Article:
Adam R. Sweeney, Christopher R. Dermarkarian, Katherine J. Williams, Richard C. Allen & Michael T. Yen
Purpose: To report the efficacy of polytetrafluoroethylene (PTFE) frontalis suspension for blepharospasm with eyelid apraxia and postoperative botulinum toxin requirements.
Methods: Retrospective chart review of patients with blepharospasm and eyelid apraxia who underwent frontalis suspension. The primary outcome was a surgical success, defined by surgeon- and patient-reported success in postoperative eyelid opening. Comparative statistical analyses of botulinum toxin dosage and treatment intervals were performed amongst patients before and after frontalis suspension ptosis repair.
Results: Five patients (10 eyelids) met the study criteria, of which 40% were female. Mean age was 63.2 years. All patients had successful surgical outcomes based on physician-reported and patient reported satisfaction with the postoperative eyelid opening. Average follow-up was 14 months. Preoperative botulinum toxin treatments averaged 80.4 units (range 32–110, SD 33.2) to the periocular region over an average of 9.6-week intervals. Postoperative botulinum toxin treatments averaged 61.4 units (range 24–110, SD 34.7) to the periocular region over an overage of 9.8-week intervals. No patients experienced postoperative exposure keratopathy, extrusion of the sling, or postoperative infection.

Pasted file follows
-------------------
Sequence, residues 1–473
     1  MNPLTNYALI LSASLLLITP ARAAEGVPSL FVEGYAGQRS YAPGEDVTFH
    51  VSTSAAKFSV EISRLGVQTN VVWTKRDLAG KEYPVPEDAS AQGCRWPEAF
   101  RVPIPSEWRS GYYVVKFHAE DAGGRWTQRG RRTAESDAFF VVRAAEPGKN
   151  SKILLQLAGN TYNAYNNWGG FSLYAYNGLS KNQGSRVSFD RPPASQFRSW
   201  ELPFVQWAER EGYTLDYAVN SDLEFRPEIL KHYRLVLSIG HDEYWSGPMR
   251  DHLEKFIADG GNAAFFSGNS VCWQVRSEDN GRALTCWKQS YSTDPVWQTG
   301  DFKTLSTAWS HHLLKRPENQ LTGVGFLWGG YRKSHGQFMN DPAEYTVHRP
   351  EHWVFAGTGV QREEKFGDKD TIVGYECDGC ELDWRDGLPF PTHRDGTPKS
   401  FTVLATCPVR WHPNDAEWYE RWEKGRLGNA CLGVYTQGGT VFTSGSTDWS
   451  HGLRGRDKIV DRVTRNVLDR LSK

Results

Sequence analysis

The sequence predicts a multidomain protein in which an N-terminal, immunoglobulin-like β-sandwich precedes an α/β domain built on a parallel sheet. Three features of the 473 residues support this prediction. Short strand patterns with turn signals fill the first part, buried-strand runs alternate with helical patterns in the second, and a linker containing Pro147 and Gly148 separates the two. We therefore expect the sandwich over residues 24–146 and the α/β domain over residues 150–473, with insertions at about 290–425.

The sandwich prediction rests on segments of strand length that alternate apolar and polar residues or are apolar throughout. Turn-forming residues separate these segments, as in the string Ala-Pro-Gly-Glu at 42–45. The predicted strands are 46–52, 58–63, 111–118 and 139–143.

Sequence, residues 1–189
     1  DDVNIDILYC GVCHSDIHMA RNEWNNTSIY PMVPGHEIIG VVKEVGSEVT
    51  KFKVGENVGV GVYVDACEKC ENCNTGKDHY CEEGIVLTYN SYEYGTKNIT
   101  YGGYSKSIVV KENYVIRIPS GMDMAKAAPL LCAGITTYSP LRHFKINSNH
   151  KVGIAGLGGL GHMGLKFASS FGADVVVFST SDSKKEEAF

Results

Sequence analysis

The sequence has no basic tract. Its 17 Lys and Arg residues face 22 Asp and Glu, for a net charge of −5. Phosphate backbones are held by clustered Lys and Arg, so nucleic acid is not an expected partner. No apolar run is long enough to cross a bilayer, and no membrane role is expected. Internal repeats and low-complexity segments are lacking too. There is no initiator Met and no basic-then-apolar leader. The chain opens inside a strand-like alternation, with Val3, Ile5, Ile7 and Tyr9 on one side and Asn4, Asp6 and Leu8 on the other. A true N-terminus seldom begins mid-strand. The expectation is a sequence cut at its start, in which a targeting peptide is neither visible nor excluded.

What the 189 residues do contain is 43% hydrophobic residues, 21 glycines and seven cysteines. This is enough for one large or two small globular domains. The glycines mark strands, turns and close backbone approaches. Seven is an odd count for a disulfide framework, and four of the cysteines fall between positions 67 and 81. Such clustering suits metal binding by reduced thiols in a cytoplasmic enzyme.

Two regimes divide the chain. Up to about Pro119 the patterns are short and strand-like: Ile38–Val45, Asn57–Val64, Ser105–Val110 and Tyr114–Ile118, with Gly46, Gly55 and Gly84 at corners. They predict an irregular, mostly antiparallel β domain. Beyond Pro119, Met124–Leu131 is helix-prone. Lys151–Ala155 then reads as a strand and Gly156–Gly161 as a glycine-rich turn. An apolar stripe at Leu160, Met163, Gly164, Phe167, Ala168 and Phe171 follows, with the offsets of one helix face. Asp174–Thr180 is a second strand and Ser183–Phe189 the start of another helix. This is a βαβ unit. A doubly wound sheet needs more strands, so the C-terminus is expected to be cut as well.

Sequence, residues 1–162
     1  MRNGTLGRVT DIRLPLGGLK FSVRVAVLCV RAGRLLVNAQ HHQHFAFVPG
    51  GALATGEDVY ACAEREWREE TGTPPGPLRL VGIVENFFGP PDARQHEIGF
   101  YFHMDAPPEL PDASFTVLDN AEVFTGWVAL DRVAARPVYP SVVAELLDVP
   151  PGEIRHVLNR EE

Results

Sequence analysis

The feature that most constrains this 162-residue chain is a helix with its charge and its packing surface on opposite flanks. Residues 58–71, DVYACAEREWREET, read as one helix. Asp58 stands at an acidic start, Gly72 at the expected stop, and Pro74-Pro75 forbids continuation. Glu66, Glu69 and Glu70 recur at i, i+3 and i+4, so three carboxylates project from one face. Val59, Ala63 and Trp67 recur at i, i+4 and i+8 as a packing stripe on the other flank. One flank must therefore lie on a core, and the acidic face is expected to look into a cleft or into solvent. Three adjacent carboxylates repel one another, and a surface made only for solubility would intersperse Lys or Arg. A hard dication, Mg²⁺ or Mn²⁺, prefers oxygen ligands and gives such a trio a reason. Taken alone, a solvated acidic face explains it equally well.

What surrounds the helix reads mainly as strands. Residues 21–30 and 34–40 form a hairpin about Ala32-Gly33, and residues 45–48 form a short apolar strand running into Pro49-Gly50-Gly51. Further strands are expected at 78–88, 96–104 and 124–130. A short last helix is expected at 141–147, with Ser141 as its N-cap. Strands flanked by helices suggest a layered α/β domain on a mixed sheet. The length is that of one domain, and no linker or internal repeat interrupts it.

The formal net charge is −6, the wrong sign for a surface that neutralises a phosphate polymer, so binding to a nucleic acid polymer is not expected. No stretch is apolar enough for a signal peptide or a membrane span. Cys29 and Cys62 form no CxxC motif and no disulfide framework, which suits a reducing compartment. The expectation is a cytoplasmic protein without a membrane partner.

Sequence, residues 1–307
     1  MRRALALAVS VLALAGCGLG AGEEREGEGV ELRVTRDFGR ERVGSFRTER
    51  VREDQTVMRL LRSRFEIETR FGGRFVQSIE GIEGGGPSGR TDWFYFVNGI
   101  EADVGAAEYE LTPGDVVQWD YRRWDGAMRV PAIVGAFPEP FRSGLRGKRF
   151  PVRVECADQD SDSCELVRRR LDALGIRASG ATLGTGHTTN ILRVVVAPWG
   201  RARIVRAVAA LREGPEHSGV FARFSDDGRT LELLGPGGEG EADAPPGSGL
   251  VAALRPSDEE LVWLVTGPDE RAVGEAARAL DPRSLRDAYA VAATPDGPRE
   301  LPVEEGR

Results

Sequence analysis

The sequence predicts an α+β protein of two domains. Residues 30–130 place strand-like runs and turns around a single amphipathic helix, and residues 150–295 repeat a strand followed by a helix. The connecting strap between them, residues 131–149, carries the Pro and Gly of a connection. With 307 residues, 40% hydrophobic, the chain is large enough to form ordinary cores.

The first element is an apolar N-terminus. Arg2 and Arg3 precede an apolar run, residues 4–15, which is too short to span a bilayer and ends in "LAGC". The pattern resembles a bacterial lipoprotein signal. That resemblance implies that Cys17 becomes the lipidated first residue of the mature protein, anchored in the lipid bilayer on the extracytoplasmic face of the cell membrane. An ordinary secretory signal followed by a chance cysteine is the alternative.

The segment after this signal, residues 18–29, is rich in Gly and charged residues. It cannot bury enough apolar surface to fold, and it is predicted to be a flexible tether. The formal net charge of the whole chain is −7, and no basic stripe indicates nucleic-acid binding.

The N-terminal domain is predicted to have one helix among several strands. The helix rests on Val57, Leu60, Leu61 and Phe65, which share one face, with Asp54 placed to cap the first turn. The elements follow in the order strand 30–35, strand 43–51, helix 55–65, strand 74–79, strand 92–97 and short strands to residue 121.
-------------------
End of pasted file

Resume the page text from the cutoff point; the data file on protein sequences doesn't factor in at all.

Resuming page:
Conclusions: Frontalis suspension using PTFE suture in the setting of blepharospasm with eyelid apraxia was found to be a safe and effective procedure. Frontalis suspension in this population is not a substitute for botulinum toxin treatment but may allow for reduced treatment dosage. Frontalis suspension appears to increase patient functionality with improved eyelid opening in patients with blepharospasm with eyelid apraxia.
Nora Mahmoud, Mohammed,Mahmoud, Ahmed Kamal, Mohammed Ahmed, Abdelhafez,Mostafa, Mohammed Diab
To compare the functional and cosmetic outcomes of two different frontalis sling techniques for correction of severe unilateral congenital ptosis: single triangle and Fox pentagon techniques using expanded polytetrafluoroethylene (ePTFE) suture.
This randomized controlled trial included 60 eyes of 60 patients with severe unilateral simple congenital ptosis and poor levator function (≤4 mm). Participants were randomly assigned for either single triangle or Fox pentagon frontalis suspension using ePTFE suture. Functional outcome measures were margin reflex distance (MRD1), palpebral fissure height (VFH), and lagophthalmos. Cosmetic outcome parameters (lid contour, lid crease, and height symmetry) were graded as 3 (excellent), 2 (good), or 1 (poor), with a minimum of 18 months’ follow-up.